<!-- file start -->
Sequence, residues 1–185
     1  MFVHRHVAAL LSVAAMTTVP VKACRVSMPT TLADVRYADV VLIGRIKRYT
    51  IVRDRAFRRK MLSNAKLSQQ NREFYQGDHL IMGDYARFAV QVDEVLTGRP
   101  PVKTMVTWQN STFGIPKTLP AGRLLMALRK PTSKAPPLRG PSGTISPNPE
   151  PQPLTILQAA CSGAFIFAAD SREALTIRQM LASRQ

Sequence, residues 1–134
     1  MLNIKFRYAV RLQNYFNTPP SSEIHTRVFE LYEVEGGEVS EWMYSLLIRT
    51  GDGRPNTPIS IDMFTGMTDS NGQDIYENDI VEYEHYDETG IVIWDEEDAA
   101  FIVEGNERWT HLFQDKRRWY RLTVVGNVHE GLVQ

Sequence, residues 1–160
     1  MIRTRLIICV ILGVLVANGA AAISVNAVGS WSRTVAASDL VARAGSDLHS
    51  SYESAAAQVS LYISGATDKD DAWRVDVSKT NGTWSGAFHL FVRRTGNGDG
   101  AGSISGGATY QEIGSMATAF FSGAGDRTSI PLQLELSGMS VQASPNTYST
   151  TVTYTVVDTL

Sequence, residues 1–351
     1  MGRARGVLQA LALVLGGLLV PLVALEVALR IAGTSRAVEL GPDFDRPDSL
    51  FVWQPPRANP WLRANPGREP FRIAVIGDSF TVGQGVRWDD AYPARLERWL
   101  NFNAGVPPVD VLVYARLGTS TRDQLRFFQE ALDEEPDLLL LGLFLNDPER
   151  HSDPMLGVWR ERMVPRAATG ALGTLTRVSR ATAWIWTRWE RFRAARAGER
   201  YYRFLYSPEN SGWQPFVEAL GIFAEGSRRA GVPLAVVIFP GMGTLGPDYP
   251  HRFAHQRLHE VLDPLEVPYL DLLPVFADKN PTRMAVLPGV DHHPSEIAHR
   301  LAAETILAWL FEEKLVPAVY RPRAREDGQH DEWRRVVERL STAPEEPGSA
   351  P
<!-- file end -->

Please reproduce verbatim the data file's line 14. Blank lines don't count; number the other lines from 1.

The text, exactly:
   151  TVTYTVVDTL